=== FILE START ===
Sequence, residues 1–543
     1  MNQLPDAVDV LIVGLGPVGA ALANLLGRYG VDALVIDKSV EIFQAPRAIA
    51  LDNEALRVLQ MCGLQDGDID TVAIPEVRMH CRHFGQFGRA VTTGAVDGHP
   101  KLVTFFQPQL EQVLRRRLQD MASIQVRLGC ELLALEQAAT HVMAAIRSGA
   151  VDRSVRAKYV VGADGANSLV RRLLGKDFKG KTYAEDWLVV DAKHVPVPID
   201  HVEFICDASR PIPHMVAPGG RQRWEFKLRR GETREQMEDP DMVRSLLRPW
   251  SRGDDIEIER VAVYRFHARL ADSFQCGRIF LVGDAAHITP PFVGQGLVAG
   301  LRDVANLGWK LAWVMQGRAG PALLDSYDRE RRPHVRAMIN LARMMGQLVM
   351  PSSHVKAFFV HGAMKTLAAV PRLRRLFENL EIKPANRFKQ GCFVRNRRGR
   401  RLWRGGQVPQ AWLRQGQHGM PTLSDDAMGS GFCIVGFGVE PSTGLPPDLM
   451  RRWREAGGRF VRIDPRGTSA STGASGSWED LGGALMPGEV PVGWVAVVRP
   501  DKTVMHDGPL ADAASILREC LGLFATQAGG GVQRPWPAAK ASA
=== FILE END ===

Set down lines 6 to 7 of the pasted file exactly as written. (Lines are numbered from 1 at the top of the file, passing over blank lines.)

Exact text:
   201  HVEFICDASR PIPHMVAPGG RQRWEFKLRR GETREQMEDP DMVRSLLRPW
   251  SRGDDIEIER VAVYRFHARL ADSFQCGRIF LVGDAAHITP PFVGQGLVAG